The War on Drugs and scopolamine, the perfect drug DEC 17 2007
How America Lost the War on Drugs, a history of the United States government's efforts to stop its citizens from using illegal substances, primarily crack, heroin, and methamphetamines. Quite long but worth the read.
All told, the United States has spent an estimated $500 billion to fight drugs - with very little to show for it. Cocaine is now as cheap as it was when Escobar died and more heavily used. Methamphetamine, barely a presence in 1993, is now used by 1.5 million Americans and may be more addictive than crack. We have nearly 500,000 people behind bars for drug crimes - a twelvefold increase since 1980 - with no discernible effect on the drug traffic.
It's not that hard to see how things got off the rails here. Dealing with the supply of drugs is ineffective (it's too lucrative for people to stop selling and too easy to find countries which seek to profit from it) but provides the illusion of action while attacking the problem from the demand side, which appears to be more effective, comes with messy and complex social problems. What a waste. The bits about meth & the lobbying efforts by the pharmaceutical industry and the medical marijuana crackdowns are particularly maddening.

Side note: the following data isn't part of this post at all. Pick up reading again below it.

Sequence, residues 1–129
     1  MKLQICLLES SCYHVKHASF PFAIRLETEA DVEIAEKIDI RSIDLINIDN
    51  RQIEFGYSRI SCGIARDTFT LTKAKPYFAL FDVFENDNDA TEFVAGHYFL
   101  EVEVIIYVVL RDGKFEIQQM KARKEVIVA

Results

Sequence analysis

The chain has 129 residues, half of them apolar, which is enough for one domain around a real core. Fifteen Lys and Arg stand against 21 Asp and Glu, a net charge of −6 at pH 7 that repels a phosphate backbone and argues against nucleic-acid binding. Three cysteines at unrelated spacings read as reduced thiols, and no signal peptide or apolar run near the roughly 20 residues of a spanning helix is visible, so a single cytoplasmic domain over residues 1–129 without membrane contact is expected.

Somewhat related is a 9-part series from VBS about scopolamine, one of the world's scariest drugs (via fimoculous). Just blowing the powder into someone's face is sufficient for them to enter a wakeful zombie state and become the perfect rape or crime victim.
The last thing Andrea Fernandez recalls before being drugged is holding her newborn baby on a Bogota city bus. Police found her three days later, muttering to herself and wandering topless along the median strip of a busy highway. Her face was badly beaten and her son was gone.
The description of the effect of scopolamine on people reminds me of what the Ampulex compressa wasp does to cockroaches:
From the outside, the effect is surreal. The wasp does not paralyze the cockroach. In fact, the roach is able to lift up its front legs again and walk. But now it cannot move of its own accord. The wasp takes hold of one of the roach's antennae and leads it -- in the words of Israeli scientists who study Ampulex -- like a dog on a leash.
I wonder if the chemical reactions are similar in both cases.